Nobel Prize-winning poet shares techniques

Jeff Stone

Derek Walcott, winner of the Nobel Prize for literature in 1992, discussed the technical aspects of, and his appreciation for, the art of poetry with about 100 people in Scott Hall on Tuesday.

Walcott, a professor at Boston University, read a selection from his epic poem “Omeros” at the first event of Northwestern’s Classical Traditions Institute, a forum promoting the teachings of ancient Greco-Roman studies.

Walcott, who is also a painter and an actor, spent time addressing his background and the poetic techniques he used during his career.

“The challenge is having to choose the pitch of the poem,” Walcott said. “Language is sound, meaning is afterwards.”

Walcott also addressed the stylistic techniques involved in making a poem flow. Nouns and objects should rhyme in order to enhance the poem’s appeal, he said.

“If you find something that you will need for action, and it rhymes, it is utter bliss,” Walcott said.

Born in 1930 on the Caribbean island of St. Lucia, Walcott speaks both English and French Creole. His knowledge of both languages is often showcased in his writing, and creates his unique style.

A number of faculty members were in attendance and three gave introductions of the poet.

One introductory speech came from English Prof. Paul Breslin, who has published a book on Walcott’s writing and history.

“He has extraordinary inventiveness and power of both image and sound,” Breslin said. “I think very few poets handle both of these things as well as him.”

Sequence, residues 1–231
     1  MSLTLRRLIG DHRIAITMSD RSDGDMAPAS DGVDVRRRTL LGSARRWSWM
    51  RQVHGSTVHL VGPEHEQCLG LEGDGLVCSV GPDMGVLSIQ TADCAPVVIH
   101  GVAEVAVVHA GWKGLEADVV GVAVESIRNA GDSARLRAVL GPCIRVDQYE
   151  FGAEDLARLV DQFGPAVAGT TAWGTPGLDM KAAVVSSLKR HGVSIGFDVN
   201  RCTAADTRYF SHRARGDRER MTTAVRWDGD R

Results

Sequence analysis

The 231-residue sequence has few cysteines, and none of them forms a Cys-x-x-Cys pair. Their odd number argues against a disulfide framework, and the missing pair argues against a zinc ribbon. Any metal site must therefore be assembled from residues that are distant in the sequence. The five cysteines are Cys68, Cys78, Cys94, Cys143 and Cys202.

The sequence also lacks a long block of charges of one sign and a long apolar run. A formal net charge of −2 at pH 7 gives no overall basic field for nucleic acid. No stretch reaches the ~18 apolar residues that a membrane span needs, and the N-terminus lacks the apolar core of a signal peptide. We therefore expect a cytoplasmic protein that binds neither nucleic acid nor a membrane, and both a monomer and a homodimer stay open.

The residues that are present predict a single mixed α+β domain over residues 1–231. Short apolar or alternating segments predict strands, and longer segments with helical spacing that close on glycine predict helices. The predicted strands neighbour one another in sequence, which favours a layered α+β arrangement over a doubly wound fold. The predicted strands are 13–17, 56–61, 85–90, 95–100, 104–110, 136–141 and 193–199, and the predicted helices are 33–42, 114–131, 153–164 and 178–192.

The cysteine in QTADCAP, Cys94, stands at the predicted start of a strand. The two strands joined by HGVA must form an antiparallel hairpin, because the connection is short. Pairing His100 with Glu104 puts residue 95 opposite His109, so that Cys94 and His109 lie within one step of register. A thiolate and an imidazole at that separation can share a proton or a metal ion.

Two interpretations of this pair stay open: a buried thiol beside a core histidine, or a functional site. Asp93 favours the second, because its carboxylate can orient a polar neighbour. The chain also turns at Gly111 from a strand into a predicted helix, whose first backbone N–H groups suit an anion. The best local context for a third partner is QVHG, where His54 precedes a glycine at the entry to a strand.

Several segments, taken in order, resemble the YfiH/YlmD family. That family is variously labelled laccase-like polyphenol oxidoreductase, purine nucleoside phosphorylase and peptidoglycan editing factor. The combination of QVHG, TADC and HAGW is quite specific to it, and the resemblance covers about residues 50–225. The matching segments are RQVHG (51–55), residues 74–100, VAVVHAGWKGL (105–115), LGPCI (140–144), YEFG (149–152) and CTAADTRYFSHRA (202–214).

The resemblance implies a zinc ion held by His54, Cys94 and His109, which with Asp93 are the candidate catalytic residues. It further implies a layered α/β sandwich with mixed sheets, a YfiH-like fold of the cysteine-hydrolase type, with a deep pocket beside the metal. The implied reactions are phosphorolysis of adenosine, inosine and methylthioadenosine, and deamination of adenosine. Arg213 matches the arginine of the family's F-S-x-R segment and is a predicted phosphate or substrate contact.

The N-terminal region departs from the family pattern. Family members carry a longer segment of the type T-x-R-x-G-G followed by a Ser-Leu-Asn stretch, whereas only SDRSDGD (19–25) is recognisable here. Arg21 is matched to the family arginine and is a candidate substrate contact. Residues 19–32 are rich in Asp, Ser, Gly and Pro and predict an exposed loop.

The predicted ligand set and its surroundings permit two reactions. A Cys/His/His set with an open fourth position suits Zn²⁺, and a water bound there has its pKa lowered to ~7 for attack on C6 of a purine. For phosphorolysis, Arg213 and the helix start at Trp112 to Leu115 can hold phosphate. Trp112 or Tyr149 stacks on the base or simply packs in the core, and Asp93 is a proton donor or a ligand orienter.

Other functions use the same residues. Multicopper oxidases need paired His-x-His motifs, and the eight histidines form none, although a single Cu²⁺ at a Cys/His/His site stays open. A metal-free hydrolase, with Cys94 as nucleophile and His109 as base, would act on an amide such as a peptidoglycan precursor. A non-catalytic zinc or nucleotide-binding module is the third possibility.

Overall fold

Breslin’s book, “Nobody’s Nation: Reading Derek Walcott,” details the professor’s appreciation of the poet.

“I do truly believe that this is one of very few great living poets and it’s been a real privilege gradually getting to know him a little better,” Breslin said.

Although not as familiar with Walcott as Breslin is, some NU students also came to the reading to see a poet they admire.

“I came to the event because Derek Walcott is one of my favorite writers,” said Lauren Ludwig, a Speech sophomore. “I read some of ‘Omeros’ before and I enjoyed hearing it from the mouth of the poet himself. Poetry is meant to be spoken out loud. Although, at times it was hard to follow because I did not have the text in front of me.”

The new Classical Traditions Institute, which has been developing for more than a year, will serve as a home for faculty who have an interest in the legacies of Greco-Roman antiquity.

“We envision events in the future will bring together other subsets of people interested,” said political science Prof. Sara Monoson. “In future events in the fall we are planning to bring a philosopher, a Greek historian and other artists, both visual and literature.”

A large number of graduate and undergraduate students attended the event, as well as a workshop that Walcott gave earlier in the day.

“The event was hugely successful, he was remarkable,” Monoson said. “Both his reading and his comments were powerful.”